4. after BITES (plural) and the dog continued in its very aggressive behaviour such that not even its owner (I won’t cll him the dig’s “master” because it seems the dog was the master of the human responsible for him) was unable to get the dog to cease his attack. Multiple bites already suffered, dog continuing its attack, hiw Wife nearby and likely the dog’s second victim….

        what ARE you on about, man? That dog should never have been outside the owners fenced yard. Once showing aggression of that order the dog is dead meat on four legs. In my state we have “stock laws” that allow anyone to shoot or otherwise kill any dog even harrassing livestock. If your teacup poodle is chasing my chickens in my backyard for sport, I have every right to shoot him dead on the spot. And I do not even need to report the fact. How much more proper is it for a man to shoot a large strong dog which has already bitten him multiple times and seems intent on finishing what he started? I’m not Captain Hook, waiting for that gator to come back and finish me off.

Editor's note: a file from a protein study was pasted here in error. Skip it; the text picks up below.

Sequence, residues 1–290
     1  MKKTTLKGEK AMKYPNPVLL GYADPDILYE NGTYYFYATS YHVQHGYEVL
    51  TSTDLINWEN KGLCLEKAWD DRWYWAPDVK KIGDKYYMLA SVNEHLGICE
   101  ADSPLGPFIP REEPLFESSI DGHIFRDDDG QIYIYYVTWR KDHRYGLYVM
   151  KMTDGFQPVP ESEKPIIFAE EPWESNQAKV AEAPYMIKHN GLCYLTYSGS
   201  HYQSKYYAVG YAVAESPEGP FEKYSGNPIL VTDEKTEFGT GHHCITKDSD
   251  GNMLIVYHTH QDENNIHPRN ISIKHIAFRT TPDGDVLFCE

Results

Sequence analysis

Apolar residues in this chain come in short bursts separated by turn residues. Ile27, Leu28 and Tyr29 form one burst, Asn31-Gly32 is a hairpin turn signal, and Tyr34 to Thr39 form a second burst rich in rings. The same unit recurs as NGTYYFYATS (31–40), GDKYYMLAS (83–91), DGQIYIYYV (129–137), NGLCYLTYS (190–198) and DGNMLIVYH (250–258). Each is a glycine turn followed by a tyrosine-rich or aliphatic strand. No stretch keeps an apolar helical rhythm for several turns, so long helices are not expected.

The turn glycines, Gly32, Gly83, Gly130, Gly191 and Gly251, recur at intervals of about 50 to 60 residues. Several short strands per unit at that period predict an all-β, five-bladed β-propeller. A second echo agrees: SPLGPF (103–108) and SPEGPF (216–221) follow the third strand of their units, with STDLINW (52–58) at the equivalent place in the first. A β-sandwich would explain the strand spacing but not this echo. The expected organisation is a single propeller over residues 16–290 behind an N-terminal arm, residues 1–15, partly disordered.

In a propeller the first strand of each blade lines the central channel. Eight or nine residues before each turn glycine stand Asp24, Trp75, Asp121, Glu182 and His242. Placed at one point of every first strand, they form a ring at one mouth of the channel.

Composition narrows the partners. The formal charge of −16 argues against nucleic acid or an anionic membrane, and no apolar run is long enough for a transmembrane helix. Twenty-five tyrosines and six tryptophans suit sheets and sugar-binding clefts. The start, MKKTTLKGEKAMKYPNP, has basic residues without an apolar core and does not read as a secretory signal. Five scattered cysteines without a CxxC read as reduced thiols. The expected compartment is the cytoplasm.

I hope the owner is cited for maintaining a dangerous animal, AND is held to be civilly liable for damages, both the immediate costs of hospital and the pain and suffering, lost work, recovery time, etc inflicted by his callous irresponsibility. And some people claim gun owners need to carry liabilty insurance. How’s about dog owners too?

        1. The Dog’s owner is in this case the culprit. He as an owner is responsible to keep the dog under control.
          The dog should have been on a 6 foot leash.